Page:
bruiser128 Featured By Owner Sep 4, 2014  Student Traditional Artist
Never got why the Chiang Kai Shek and his Kuomitang so against capitalism.
Reply
:iconrvbomally:
RvBOMally Featured By Owner Sep 4, 2014
Probably its association with European colonialism and the unfair treatment of China. 
Reply
:iconbruiser128:
bruiser128 Featured By Owner Sep 4, 2014  Student Traditional Artist
Makes sense, but I don't see Sun Yat Sen being against it at all.
Reply
:iconjeckl:
Jeckl Featured By Owner Jul 9, 2014
Nice map.

No info for 7 though.
Reply
:iconrvbomally:
RvBOMally Featured By Owner Jul 9, 2014
Seven is mislabeled as a second six.
Reply
:iconchowhound37:
ChowHound37 Featured By Owner Jul 8, 2014
Would the USSR collapse sooner or later? Given the strain as the Third World appears to be surpassing the Comintern, I think that might happen...eventually.
Reply
:iconrvbomally:
RvBOMally Featured By Owner Jul 8, 2014
Yes, eventually. That's when the shit hits the fan. 
Reply
:iconjeckl:
Jeckl Featured By Owner Jul 9, 2014
Could we get a map of that? 

Also since China and the US aren't friendly ttl, will there be any issues with the UK handing Hong Kong over to China? 
Reply
:iconrvbomally:
RvBOMally Featured By Owner Jul 10, 2014
I'll change it as soon as I get my hands on a computer.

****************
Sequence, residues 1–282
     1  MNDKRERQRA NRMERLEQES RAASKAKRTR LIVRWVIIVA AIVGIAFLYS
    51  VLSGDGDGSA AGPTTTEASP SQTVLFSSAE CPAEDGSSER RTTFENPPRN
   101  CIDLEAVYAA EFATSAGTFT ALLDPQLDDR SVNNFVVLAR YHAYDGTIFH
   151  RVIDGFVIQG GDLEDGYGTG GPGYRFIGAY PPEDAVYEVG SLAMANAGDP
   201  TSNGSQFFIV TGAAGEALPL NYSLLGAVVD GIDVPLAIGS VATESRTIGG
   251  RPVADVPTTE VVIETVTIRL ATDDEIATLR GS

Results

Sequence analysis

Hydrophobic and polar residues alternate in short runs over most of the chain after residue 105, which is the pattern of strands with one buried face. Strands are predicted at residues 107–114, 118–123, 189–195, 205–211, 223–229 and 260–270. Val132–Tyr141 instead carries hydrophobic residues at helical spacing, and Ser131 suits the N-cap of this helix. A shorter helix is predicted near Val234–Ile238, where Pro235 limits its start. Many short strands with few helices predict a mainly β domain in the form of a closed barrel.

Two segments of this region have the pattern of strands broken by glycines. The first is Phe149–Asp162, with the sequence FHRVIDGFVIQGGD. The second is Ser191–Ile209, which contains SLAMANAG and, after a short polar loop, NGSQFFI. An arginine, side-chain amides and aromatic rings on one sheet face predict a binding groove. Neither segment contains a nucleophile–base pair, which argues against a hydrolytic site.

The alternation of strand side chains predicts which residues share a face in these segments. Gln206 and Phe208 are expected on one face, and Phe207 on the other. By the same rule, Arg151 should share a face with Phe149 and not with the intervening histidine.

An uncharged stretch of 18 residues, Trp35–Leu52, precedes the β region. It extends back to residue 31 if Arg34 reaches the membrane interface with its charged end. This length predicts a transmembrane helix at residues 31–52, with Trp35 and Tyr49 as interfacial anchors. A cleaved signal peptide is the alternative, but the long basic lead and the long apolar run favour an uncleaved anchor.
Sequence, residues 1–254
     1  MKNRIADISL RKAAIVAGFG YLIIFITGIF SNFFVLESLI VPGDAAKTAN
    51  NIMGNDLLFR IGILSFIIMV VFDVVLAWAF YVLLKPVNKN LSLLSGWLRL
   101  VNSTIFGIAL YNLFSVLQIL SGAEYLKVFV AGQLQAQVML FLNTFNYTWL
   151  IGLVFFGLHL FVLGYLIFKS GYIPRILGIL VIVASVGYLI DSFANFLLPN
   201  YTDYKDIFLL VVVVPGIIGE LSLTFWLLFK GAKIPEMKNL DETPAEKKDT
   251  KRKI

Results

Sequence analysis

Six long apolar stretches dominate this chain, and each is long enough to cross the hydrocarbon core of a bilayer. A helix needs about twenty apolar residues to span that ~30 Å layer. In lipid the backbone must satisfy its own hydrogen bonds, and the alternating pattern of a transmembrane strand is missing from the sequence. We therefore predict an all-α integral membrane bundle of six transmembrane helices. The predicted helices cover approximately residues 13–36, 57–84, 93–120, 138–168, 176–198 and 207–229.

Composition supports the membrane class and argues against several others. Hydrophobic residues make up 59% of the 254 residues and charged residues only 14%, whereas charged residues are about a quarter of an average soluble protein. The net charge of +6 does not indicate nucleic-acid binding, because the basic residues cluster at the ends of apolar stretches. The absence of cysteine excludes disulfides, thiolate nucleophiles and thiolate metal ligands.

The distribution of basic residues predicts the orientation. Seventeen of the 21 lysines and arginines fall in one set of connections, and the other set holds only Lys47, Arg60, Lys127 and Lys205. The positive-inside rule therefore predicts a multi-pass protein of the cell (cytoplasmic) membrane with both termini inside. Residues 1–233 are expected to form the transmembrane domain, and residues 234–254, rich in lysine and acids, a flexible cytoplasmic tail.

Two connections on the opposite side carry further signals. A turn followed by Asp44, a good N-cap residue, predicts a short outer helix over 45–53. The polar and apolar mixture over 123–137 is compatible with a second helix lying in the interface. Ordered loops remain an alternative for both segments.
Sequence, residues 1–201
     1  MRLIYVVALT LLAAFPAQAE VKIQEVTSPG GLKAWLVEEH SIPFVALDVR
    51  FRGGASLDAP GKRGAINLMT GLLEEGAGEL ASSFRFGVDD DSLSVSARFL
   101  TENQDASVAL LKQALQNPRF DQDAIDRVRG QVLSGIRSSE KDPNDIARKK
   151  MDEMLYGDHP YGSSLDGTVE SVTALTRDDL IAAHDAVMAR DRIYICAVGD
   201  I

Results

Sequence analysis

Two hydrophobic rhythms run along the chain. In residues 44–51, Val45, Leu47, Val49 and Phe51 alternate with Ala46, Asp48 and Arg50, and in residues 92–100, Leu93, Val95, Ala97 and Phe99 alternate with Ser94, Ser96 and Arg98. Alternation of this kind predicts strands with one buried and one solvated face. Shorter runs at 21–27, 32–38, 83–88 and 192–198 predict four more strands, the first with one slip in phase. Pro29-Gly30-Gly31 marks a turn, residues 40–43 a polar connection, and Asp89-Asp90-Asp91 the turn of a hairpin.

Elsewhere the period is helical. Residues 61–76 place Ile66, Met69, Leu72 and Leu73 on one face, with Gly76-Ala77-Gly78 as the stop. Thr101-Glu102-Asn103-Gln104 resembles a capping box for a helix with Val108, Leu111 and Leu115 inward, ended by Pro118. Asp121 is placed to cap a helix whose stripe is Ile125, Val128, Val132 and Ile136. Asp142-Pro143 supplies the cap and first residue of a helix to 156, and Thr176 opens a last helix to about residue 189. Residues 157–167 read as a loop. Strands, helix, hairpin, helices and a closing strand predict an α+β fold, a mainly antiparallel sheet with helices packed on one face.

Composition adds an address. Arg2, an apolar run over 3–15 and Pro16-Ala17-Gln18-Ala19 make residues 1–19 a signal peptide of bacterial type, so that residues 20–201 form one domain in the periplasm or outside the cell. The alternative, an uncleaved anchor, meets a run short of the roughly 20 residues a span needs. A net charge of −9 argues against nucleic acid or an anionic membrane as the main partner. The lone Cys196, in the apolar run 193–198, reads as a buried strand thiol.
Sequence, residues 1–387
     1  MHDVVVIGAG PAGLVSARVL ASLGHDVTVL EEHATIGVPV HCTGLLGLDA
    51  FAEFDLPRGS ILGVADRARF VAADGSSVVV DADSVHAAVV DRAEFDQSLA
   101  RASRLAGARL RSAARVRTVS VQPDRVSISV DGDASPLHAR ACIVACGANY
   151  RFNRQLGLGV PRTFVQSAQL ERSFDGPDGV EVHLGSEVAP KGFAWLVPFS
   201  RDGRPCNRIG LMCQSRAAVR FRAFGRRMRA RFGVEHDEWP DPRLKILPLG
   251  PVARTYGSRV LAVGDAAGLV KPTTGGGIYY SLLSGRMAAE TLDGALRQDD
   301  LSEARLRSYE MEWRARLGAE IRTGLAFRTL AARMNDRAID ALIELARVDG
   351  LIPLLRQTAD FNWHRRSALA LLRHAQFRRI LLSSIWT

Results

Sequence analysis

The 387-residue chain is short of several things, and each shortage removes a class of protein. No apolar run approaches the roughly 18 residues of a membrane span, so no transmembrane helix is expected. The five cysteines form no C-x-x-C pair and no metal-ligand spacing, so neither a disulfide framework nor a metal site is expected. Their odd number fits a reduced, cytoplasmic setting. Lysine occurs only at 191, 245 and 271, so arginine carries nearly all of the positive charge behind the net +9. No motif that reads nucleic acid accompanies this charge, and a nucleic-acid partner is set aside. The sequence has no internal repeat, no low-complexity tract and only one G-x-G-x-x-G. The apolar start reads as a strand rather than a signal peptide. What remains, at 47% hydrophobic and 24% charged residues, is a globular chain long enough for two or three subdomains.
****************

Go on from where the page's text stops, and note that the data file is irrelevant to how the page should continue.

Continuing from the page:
As for Hong Kong, yes there will be problems. However, it's likely that the deal will go through anyway, as the West is considering rapprochement with China so they aren't immediate enemies once the Soviet bloc collapses.
Reply
:iconjeckl:
Jeckl Featured By Owner Jul 10, 2014
That sounds awesome.

Interesting I wonder how that will go....
Reply
:iconwilji1090:
wilji1090 Featured By Owner Jul 8, 2014  Hobbyist General Artist
Aw so no best Korea? :(

That actually makes me wonder if the Kim family wound up being executed by the nationalist government or if Kim Jong-il and Kim Jong-un remain in Korea?
Reply
:iconrvbomally:
RvBOMally Featured By Owner Jul 8, 2014
The modern RoK is fairly autocratic, but the OTL one was for most of its history as well. 

Kim Jong-il got raised by the Nationalist government and is just a random bureaucrat. Kim Jong-un has been butterflied away. 
Reply
:iconwilji1090:
wilji1090 Featured By Owner Jul 8, 2014  Hobbyist General Artist
Aw so no "Only Fat Man in Korea" jokes? :P
Reply
:iconsilas-coldwine:
Silas-Coldwine Featured By Owner Jul 8, 2014
Given that dystopia is usually on the menu, this one is interesting as a contrast. I'd personally say that this world is just slightly worse than ours up to that point.